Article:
2. Hyden Toro says:

    Cultures varies throughout the world. We have a good Pre-Spanish culture. We were honest. Look at
    the trade between the ancient Chinese and the ancient Filipinos. The Chinese traders came. They
    give their goods like porceleins, utensils, clothings, beads, etc…to ancient Filipinos. On the promise
    that they will pay on the next harvest. No papers were signed, no lawyers to do the deals. Just the
    Words of Mouth. Truly, on the next harvest. The ancient Filipinos were ready with their payments in
    the form of agricultural harvest, wild animals, gold, fruits, etc…

    If you go to the Northern part of the Philippines. Ask any house to dig on their backyards. They will
    find broken pieces of Ming Dymasty plates, bowls, vases, etc…
    The honesty of the Filipinos were removed by the Colonizing Spanards. Who were thieves, murderers
    and tyrants. We need to rediscover our past. To see the greatness of our culture.

  3. GabbyD says:

    interesting. how can the arts arrest the cultural problems you believe filipinos have? can we be as specific as possible, since this is just a thought experiment?

    say you had 10million pesos to play with initially, what ‘arts’ would u spend it on to solve the “lack of character” you believe that ails the filipino?

    • BenK says:

      As the article implies, the arts alone cannot do that; the purpose of the proposition is to encourage creativity, which supports the larger context of cultural change throughout the whole platform.

      Questions like yours are very good ones to ask candidates when they present you with something vague, or what sounds like it may be a motherhood statement. The manner in how they answer your follow-up should tell you a lot about their level of honesty and engagement with the issues.

      To answer your question specifically, I frankly don’t know what the best form “support for the arts” would take, because it is something that should be designed from the input of the various parties with a stake in it. I would envision a grant program similar – but simpler and more inclusive – to the NEH in the US. At a level of PhP 10M as an initial investment, any initiative would be quite small, but I can say from a personal point of view as a writer that those brief periods when I am free from the concern of earning a living are golden, and tremendously productive; small grants of, say, 20-25K from a larger endowment fund would allow all sorts of artists to have those creative moments. And the project could be expanded and funded on a continuing basis by diverting a small percentage of income taxes earned from publishing, recording, and performing. But again, the particular application is not cast in stone; only the recognition of the need to promote arts is.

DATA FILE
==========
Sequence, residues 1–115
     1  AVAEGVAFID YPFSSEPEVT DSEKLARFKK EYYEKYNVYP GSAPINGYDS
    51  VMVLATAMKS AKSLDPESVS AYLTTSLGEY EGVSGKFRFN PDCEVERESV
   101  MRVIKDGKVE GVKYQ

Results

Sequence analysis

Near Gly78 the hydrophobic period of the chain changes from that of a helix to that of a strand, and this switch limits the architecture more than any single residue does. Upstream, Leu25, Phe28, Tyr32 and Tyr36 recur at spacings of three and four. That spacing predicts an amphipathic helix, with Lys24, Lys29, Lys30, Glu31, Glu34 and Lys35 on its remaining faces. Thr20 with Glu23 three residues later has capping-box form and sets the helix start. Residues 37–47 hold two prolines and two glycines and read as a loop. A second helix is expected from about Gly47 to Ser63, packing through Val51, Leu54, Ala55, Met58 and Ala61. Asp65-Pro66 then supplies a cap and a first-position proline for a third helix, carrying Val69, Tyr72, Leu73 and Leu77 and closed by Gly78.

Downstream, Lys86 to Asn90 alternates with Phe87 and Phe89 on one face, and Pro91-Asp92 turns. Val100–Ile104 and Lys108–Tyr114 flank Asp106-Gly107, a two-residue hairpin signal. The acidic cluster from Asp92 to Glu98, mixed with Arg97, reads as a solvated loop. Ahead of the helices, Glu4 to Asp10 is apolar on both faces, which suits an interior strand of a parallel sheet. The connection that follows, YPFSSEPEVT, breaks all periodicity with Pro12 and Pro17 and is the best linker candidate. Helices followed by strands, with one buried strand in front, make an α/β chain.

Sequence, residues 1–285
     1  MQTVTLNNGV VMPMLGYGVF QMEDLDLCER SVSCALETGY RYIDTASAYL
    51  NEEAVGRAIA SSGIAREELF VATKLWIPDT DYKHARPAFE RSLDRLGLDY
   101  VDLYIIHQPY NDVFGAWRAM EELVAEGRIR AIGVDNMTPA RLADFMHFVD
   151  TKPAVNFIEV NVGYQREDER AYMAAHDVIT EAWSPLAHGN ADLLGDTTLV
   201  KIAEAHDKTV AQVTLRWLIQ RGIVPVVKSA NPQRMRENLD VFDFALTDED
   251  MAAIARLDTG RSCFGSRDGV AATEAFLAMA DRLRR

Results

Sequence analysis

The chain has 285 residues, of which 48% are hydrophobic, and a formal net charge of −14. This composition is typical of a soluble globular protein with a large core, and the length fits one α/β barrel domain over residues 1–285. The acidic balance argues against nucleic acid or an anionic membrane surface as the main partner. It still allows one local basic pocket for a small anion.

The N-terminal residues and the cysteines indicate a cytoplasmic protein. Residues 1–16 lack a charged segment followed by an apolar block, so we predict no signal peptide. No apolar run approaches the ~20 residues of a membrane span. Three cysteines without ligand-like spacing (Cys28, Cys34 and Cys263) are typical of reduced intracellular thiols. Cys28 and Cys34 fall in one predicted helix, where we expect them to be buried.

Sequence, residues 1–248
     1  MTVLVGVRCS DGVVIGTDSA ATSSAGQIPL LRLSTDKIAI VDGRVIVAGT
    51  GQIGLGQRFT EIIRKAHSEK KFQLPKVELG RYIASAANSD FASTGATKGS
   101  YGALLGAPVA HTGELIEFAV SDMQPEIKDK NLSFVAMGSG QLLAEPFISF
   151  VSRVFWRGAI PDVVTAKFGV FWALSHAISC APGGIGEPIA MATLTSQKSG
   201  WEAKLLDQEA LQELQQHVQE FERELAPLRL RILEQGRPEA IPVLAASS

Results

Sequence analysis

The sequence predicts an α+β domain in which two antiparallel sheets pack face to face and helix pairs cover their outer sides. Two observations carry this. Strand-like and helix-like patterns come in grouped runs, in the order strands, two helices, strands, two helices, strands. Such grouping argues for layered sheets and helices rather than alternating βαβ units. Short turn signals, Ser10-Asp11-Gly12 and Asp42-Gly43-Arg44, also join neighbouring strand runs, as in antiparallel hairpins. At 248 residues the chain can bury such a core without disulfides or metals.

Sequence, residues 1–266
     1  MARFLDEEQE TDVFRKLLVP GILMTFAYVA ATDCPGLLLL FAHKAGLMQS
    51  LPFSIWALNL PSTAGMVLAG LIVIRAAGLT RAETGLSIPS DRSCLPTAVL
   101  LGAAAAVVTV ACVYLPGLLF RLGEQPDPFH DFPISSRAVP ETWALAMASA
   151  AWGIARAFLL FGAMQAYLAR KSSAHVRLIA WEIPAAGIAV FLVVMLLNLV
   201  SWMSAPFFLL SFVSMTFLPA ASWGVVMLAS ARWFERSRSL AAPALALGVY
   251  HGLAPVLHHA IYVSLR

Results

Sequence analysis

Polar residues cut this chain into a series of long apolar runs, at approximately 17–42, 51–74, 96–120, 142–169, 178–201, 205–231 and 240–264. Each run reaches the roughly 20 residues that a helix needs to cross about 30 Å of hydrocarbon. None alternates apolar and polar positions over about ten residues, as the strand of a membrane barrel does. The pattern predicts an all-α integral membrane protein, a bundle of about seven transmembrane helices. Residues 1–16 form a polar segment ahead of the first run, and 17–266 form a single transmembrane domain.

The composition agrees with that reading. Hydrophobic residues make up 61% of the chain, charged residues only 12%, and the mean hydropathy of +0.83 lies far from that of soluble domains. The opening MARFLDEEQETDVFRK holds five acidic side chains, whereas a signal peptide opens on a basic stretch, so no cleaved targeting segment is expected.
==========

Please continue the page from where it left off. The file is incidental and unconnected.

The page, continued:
• GabbyD says:

        “the arts alone cannot do that; the purpose of the proposition is to encourage creativity, which supports the larger context of cultural change throughout the whole platform.”

        thats the point of my question.

        how do we know that creativity supports cultural change in the direction that you think is viable?

        it SOUNDS good, but i can’t imagine it happening.

        thats why i asked about specific examples of how art can do this. i cant think of any. has art/singing, dancing, theater, movies led to cultural change anywhere?

        are there examples?

        if these examples exist, then we can answer specific questions like budget allocation.

      • HusengBatute says:

        Perhaps, support better screen writers and cinematographers who would not portray & stereotype rich people and people of power as evil snobs who would simply take advantage of poor honest hard-working people–this is a tired & overused plot scenario that just reinforces our prejudices and tendency to distrust our leaders. Sometimes ability to enrich oneself is a virtue that should be emulated rather than criticized. The media shapes the imagination of its consumers, so why not use the media productively as a teaching tool and a venue for good examples? Being pro-Erap, & pro-Cory who helped him regain his beloved station, Lopez has successfully used TFC to stir hatred towards anything Gloria to the point that people will blame their dead fish on Gloria as if she was already President when they became poor. Then again, people think it is simply blessed to be poor.

        But, if we would take the broader sense of the definition of ‘culture’ to include any leisurely activity such as sports, I can see how this would divert attention to more productive use of one’s time and talents. Besides, Pacquiao matches do tend to lower down the crime rate.